> From: Paul Erlich <paul@stretch-music.com>

> To: <tuning-math@yahoogroups.com>

> Sent: Thursday, June 28, 2001 10:45 PM

> Subject: [tuning-math] Re: questions about Graham's matrices

>

>

> --- In tuning-math@y..., "monz" <joemonz@y...> wrote:

>

> > But I'm glad to see that somehow we managed to agree on this,

> > without understanding each other! Cool.

> >

> Yes, and I think it's a very important point.

I agree. We were both frustrated that we couldn't understand

each other, in both cases, but it turns out that we were

thinking basically the same thing all along.

> Rather than the basis being 3, 5, 7, it could just as

> easily be, say, 5/4, 6/5, 7/6, or any other basis that

> spans the 3D lattice (though consonant intervals are

> somewhat preferable here).

Sure, these are all good. But I was thinking along the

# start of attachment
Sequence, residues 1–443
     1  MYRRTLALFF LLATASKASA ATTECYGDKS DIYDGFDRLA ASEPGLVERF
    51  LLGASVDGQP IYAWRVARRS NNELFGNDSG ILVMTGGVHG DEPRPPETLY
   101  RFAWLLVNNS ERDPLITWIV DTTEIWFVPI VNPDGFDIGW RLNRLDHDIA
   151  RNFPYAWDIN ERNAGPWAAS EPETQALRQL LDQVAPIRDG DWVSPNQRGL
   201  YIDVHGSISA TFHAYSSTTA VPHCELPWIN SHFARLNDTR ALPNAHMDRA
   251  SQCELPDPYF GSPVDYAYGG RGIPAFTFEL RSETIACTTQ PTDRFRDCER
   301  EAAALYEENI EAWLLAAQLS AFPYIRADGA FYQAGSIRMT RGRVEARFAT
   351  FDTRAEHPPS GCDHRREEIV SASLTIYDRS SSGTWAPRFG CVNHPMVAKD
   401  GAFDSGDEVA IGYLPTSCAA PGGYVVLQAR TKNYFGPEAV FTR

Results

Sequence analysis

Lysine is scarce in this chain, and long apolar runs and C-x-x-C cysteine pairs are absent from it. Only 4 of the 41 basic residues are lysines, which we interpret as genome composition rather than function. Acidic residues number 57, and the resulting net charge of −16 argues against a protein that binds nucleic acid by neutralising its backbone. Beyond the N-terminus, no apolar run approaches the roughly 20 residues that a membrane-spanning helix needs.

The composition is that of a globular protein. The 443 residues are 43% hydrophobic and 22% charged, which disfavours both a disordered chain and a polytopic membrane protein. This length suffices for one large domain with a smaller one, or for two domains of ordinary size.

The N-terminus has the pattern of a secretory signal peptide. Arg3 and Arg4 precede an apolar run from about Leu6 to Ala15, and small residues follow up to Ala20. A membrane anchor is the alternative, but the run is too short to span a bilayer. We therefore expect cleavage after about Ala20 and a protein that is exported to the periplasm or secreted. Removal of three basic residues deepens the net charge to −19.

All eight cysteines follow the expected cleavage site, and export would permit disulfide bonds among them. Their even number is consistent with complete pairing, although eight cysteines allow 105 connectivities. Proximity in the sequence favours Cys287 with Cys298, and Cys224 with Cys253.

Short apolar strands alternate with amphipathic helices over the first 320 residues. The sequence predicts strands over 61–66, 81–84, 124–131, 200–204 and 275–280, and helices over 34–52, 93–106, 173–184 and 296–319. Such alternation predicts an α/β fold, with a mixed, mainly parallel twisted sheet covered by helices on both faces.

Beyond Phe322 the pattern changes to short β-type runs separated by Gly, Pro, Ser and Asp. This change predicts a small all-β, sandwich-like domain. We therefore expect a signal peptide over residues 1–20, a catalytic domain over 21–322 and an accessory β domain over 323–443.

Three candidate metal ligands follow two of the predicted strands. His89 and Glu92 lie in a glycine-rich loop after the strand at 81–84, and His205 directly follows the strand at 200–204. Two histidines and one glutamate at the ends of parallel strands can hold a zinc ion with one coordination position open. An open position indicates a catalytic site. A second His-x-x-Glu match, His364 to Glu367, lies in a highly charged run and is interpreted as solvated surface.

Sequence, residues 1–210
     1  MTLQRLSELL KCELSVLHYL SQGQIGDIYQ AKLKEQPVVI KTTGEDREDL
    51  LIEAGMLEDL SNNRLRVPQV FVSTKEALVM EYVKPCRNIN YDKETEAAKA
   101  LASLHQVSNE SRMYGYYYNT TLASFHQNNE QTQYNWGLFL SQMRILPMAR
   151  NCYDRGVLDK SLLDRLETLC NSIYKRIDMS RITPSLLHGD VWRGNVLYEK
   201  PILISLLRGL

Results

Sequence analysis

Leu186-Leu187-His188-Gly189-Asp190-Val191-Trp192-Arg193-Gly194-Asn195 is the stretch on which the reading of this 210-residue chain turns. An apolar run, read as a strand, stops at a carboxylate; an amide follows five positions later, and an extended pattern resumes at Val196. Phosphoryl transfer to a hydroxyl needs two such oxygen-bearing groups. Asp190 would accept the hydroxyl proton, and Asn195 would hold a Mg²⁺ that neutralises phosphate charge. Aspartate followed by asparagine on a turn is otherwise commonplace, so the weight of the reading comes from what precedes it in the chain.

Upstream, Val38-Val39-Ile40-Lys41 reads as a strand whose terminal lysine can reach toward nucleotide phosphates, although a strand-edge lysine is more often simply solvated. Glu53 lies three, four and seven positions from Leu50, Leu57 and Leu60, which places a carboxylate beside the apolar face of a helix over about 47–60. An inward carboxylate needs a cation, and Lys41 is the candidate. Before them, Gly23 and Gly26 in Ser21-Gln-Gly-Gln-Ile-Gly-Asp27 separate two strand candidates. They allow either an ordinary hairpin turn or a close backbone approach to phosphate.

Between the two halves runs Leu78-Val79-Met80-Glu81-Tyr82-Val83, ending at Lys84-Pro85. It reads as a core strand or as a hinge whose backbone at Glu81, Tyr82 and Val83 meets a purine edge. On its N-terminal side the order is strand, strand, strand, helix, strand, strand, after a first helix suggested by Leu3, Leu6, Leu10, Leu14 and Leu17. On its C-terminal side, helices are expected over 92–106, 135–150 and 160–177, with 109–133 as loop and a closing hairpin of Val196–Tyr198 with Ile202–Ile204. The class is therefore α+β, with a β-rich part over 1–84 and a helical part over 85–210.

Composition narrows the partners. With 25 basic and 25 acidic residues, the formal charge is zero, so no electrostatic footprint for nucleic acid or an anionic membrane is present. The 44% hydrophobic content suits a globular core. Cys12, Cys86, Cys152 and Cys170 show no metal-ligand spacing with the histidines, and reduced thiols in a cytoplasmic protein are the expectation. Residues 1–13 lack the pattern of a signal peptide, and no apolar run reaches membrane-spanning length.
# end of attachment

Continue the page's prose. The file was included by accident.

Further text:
lines of, say, an axis representing a meantone generator,

such as (3/2)/((81/80)^(1/4)) , for example.

This is why, a few months back, I was so interested in

Regener's work. It seems to be along these lines...

transformations of ratio-space.

-monz

http://www.monz.org

"All roads lead to n^0"

_________________________________________________________

Do You Yahoo!?

Get your free @yahoo.com address at http://mail.yahoo.com

--- In tuning-math@y..., "monz" <joemonz@y...> wrote:

>

> Sure, these are all good. But I was thinking along the

> lines of, say, an axis representing a meantone generator,

> such as (3/2)/((81/80)^(1/4)) , for example.

Well that, of course, would be the _right_ way to plot meantone

tunings. Which is what I was trying to tell you while grudgingly

figuring out for you how to plot meantone on the usual (3,5) axes

using fractional exponents.